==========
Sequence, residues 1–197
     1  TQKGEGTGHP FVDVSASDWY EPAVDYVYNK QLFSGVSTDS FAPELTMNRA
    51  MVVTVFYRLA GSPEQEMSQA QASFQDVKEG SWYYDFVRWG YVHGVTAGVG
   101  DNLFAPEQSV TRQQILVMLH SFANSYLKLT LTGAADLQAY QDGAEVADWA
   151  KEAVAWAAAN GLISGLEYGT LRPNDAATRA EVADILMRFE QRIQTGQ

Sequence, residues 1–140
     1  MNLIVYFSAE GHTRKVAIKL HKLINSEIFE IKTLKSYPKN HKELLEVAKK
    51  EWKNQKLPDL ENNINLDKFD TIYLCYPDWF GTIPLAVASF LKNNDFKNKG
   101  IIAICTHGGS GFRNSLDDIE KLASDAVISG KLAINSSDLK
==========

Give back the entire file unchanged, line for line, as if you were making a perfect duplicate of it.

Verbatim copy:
Sequence, residues 1–197
     1  TQKGEGTGHP FVDVSASDWY EPAVDYVYNK QLFSGVSTDS FAPELTMNRA
    51  MVVTVFYRLA GSPEQEMSQA QASFQDVKEG SWYYDFVRWG YVHGVTAGVG
   101  DNLFAPEQSV TRQQILVMLH SFANSYLKLT LTGAADLQAY QDGAEVADWA
   151  KEAVAWAAAN GLISGLEYGT LRPNDAATRA EVADILMRFE QRIQTGQ

Sequence, residues 1–140
     1  MNLIVYFSAE GHTRKVAIKL HKLINSEIFE IKTLKSYPKN HKELLEVAKK
    51  EWKNQKLPDL ENNINLDKFD TIYLCYPDWF GTIPLAVASF LKNNDFKNKG
   101  IIAICTHGGS GFRNSLDDIE KLASDAVISG KLAINSSDLK